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Kidney Dialysis Statistics from Kenyatta National Hospital


                                     KIDNEY DIALYSIS STATISTICS

   Counties relieve Kenyatta National Hospital of the referral burden

Prepared by Shem Sam
The Ministry of Health estimates that one million Kenyans suffer from kidney related diseases.  The figure is consistent with global kidney disease prevalence which lies between 8-16% whereas that of developing countries gravitates at 10%.  The WHO estimates that one in every five men and one in every four women in Kenya aged between 65 and 74 have chronic kidney disease. The Ministry of health notes that 10,000 cases of kidney disease are diagnosed annually.
Referral burden
Between 2010 and 2012, Kenyatta National Hospital (KNH) received 150 referral cases monthly.  During that period KNH had only one nephrologist (kidney specialist): much lower than required 20 specialists, in line with Vision 2030. In 2012, the country had 200 dialysis machines but only 13 of them were in operation.
Presently, KNH has acquired 13 dialysis machines and treats 60 patients daily; 35 of whom undergo dialysis. The hospital also performs 30 kidney transplants annually. The Renal Unit recommends that three dialysis per week costing Ksh 13,000 are required for effective treatment. On the same note, records from the hospital indicate that kidney transplant costs two million Kenya shillings. These costs are too high for patients.

Decline in Referral Cases
However, in the recent past, resulting from devolved medical services, KNH has registered decline in numbers of patients seeking kidney dialysis. The decline is attributed to dialysis machines acquired by level five hospitals in Kisii, Kisumu, Eldoret, Embu, Nyeri, Kakamega, Mombasa and Nyeri Counties.  The KNH Renal Unit figures reveal that majority of Kidney patients referred to KNH came from Kisii and Nyeri Counties. Consequently, both counties have not only acquired the dialysis machines but also subsidized the cost of dialysis by from Ksh 13,000 to Ksh4,500. As such the number of kidney patients referred to KNH has reduced by half, that is, from 150 to 75 cases monthly. Basically, current referral cases require more specialized treatment.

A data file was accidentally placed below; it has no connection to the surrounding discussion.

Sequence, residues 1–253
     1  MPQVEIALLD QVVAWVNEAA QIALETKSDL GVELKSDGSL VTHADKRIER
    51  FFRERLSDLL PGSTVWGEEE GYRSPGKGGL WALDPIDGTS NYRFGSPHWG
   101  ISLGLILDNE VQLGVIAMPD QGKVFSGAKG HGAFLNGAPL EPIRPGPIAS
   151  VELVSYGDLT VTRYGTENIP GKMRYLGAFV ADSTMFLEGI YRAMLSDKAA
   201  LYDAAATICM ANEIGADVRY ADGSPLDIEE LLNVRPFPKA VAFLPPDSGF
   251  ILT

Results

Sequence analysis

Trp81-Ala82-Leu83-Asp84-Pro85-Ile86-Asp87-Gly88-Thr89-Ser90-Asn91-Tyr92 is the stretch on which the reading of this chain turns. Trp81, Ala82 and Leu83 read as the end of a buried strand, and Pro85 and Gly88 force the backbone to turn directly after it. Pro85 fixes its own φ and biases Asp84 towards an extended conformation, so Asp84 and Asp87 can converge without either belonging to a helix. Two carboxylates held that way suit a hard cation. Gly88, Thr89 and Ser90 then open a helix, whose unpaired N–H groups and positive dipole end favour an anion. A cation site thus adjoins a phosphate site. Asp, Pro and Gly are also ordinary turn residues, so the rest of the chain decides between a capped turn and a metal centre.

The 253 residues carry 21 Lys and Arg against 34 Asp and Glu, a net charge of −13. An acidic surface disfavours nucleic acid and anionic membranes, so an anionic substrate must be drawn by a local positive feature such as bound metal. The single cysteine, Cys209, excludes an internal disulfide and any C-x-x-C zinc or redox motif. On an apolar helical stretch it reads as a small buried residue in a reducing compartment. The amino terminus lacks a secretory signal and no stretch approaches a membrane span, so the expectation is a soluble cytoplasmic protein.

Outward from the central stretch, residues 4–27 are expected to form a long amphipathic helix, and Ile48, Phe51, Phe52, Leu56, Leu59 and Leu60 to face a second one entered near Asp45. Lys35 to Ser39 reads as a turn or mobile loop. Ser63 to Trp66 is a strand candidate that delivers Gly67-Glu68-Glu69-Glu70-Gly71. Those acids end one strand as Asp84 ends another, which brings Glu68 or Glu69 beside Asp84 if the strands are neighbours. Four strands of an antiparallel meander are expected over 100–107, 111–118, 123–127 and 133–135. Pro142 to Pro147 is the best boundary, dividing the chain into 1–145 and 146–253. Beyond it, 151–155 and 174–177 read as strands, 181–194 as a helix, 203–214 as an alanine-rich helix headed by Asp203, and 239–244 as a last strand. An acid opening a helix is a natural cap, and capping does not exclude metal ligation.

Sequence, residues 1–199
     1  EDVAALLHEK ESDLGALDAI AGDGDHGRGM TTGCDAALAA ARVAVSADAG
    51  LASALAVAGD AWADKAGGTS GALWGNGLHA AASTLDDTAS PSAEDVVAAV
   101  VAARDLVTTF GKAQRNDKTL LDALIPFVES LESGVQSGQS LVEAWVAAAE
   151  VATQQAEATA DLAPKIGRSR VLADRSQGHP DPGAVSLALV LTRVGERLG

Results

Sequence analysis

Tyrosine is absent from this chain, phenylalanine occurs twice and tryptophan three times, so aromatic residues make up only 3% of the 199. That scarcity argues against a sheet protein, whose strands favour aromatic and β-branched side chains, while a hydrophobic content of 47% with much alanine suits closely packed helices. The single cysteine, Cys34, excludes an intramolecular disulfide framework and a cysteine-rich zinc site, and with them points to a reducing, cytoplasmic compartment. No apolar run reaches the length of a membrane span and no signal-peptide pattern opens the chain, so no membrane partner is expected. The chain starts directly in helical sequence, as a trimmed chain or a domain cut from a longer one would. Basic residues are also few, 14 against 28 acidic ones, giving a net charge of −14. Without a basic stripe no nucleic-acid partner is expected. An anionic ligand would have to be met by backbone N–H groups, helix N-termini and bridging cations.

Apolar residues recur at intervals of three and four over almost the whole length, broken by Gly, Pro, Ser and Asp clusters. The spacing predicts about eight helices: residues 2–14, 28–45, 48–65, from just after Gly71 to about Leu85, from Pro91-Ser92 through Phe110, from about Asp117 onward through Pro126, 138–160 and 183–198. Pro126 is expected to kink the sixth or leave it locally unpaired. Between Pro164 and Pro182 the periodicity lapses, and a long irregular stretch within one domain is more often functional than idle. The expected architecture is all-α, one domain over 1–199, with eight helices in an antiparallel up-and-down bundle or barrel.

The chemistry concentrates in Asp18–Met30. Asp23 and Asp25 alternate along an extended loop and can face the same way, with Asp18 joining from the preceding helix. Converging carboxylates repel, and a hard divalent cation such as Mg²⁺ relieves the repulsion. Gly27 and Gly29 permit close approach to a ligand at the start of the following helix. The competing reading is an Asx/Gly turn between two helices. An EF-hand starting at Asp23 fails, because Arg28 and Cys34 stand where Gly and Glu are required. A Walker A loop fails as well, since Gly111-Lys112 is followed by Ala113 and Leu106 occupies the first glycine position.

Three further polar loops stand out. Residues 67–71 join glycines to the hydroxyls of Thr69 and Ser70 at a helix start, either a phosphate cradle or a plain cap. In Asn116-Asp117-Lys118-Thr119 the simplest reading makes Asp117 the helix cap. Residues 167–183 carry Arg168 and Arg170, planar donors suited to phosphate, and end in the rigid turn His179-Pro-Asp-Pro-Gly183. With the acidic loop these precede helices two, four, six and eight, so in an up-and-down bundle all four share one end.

Existing Gap
Although dialysis machines are available in almost all level five hospitals, there are few kidney specialists in the country. In that regard, the Kenyan Government should train Nephrologists, Paramedics and other health staff to respond to the increasing number of patients. Both KNH and Eldoret Moi Referral Hospital observe that Kenya is facing acute shortage of Kidney specialists.

Distribution of Kidney Dialysis Machines in Public Hospitals
1    Kenyatta National Hospital    13     60     GOK supported by Egyptian Agency of Partnership for Development, Safaricom
2    Moi Referal Hospital Eldoret    5    12     GOK
3    Embu    2    9    County Gobt also supported by Safaricom
4    Nyeri    9    18    County Govt,
5    Kakamega    1    3    County Govt also supported by Safaricom
6    Meru    2     9    County Govt  also supported by Safaricom
7    Kisii    4      20     County Govt also supported by KCB
8    Mombasa    7     40    County Govt also supported by Safaricom,  &Ahmed Al Falasi
9    Nakuru    5     10    County Govt also supported by Safaricom
10    Kisumu    2+(16 Ultra-Modern)     822      County Govt also supported by KCB, Safaricom
11    Thika    2     7    County Govt supported by DOWS Chemicals Co.
12    Machakos    1    2    County Govt supported by Safaricom
13    Naivasha Level 3    1    2    County Govt also supported by DOWS Chemicals.Co.
14    Bomet Level 3     1    2    County Govt
    County Capacity    51    944   
    National Hospital Capacity    18    82   
     Increament in Capacity    3 times    11.5 times   

The two national referral facilities, KNH and Moi Eldoret, have 18 dialysis machines whereas county level 5 and 3 hospitals have 51. It implies that county hospitals have 3 times more dialysis machines than the national referral facilities.
In terms of capacity to conduct dialysis, the county hospitals have eleven and half times (944 sessions per day) more capacity compared to national referral facilities (82 sessions per day). Worth noting is the fact that the enormous capacity of Kisumu Level 5 hospital is attributed to16  ultra-modern dialysis machines, each of which that can perform 48 session per day.
As such, the counties that offer faster and cheaper dialysis are Kisumu, Mombasa and Nyeri in that respect. Averagely, kidney dialysis sessions now cost Ksh4,500 from Ksh 13,000.

With counties acquiring 51 dialysis machines with capacity to conduct a sum total of 944 dialysis sessions per day, a patient with kidney disease is eleven and half times less likely to go to KNH or Moi Referral Hospitals, when cost remains constant.
More still, with reduced dialysis and transport costs, a kidney disease patient will most unlikely go to KNH.

The COG Chairman

H E Nanok

His Excellency Josphat Koli Nanok,  Governor Turkana County and the Chairman of the Council of Governors.


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